Beach count:
  • 450 Red-legged Cormorant -Phalacrocorax gaimardi
  • 30 Peruvian Pelicans - Pelecanus thagus
  • 16 Rufous-chested Dotterel - Charadrius modestus
  • 4 Whimbrel - Numenius phaeopus
  • 60 Brown-headed Gull - Larus maculipennis
  • 50 Kelp Gull - Larus dominicanus
  • 2 Gray-flanked Cinclodes - Cinclodes oustaleti
  • 3 Dark-bellied Cinclodes - Cinclodes patagonicus


Red-legged Cormorant colony

Felipe - German - Me

Next stop on the coast was a small beach called La Mision because of a group of monks that live close by. The sun was going down fast and the lighti
ng was perfect. Saw some American Oystercatchers and Whimbrels. Plus a Magellanic Tapaculo in the bushes calling his incessant patra-patra-patra-patra. There was one lonely plover running along the beach. I was really hoping for it to be a Snowy Plover but it turned out to just be a Collared Plover. Maybe next time.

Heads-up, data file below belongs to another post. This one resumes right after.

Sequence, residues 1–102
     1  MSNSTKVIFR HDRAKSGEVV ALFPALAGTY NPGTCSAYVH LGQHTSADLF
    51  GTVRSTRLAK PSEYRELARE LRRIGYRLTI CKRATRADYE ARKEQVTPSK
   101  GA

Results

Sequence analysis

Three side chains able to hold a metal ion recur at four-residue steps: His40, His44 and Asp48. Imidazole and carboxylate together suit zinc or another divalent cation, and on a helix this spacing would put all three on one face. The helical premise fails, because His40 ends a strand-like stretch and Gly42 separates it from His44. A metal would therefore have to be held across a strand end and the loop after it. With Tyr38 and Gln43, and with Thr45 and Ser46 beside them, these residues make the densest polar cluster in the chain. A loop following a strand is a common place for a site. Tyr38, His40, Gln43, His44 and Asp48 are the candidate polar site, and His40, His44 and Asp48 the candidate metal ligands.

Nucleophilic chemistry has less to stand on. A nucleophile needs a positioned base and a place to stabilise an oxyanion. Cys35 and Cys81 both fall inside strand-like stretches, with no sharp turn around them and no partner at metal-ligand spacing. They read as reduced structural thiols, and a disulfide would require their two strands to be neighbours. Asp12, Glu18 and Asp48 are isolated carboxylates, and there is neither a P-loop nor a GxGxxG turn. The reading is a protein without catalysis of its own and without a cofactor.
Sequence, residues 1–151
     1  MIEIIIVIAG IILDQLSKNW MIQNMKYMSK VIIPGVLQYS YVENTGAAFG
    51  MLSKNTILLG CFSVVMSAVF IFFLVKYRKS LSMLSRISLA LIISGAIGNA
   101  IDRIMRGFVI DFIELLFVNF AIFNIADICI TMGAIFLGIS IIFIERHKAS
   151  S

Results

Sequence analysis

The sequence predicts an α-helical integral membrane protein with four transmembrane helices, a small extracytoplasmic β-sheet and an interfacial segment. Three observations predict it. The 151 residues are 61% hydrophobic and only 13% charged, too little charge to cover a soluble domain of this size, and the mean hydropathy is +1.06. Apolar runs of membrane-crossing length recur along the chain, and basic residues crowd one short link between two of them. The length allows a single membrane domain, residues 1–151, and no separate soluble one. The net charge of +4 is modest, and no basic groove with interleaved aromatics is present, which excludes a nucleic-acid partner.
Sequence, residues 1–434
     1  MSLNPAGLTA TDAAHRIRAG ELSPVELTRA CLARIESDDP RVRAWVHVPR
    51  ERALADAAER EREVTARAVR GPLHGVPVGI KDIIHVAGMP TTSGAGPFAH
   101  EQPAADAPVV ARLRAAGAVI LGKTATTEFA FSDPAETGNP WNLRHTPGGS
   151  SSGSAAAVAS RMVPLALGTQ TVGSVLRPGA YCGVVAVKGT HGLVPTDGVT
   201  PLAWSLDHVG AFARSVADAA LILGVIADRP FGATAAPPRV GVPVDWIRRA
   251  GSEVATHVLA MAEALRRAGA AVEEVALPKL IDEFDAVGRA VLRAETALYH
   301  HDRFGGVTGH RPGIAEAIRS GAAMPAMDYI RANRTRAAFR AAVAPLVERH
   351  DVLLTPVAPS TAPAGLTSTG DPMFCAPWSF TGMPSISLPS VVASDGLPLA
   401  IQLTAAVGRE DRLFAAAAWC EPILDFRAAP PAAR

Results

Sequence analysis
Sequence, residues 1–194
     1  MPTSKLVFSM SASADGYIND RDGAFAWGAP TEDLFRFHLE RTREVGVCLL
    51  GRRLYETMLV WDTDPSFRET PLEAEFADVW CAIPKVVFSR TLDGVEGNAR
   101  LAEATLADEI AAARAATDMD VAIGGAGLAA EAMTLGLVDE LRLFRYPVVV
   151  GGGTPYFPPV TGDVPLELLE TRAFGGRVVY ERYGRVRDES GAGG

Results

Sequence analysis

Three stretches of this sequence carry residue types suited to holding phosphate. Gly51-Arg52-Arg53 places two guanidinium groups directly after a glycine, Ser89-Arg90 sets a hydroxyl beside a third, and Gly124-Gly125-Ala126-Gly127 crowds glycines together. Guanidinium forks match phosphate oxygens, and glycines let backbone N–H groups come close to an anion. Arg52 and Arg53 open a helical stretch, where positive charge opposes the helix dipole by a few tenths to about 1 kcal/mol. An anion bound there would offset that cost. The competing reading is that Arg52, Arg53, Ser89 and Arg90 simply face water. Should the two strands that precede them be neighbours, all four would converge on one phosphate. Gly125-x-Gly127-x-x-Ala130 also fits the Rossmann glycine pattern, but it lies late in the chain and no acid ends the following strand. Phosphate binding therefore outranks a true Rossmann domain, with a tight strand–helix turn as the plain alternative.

• 6 Neotropic Cormorants - Phalacrocorax brasilianus
  • 3 American Oystercatchers - Haematopus leucopodus
  • 1 Collared Plover - Charadrius collaris
  • 2 Whimbrel - Numenius phaeopus
  • 1 Kelp Gull - Larus dominicanus
  • 1 Dark-bellied Cinclodes - Cinclodes patagonicus
  • 1 Gray-flanked Cinclodes - Cinclodes oustaleti
  • 1 Magellanic Tapaculo - Scytalopus magellanicus
  • 1 Rufous-collared Sparrow - Zonotrichia capensis

La Mision

Thursday, August 19, 2010

Conguillio National Park


Conguillio National Park, in my opinion is, the best park and birding hotspot in the lake district of Chile. It's located just 150km east of Temuco following a beautiful country road that crosses through pasture lands with scattered trees and eventually enters a thick native old growth forest with old lava flows cutting through the Nothofagus dombeyi and Araucaria araucana mixed forest (Monkey puzzle tree is what many people know it as in north america).


This park is unique in the lake district because it has five key features: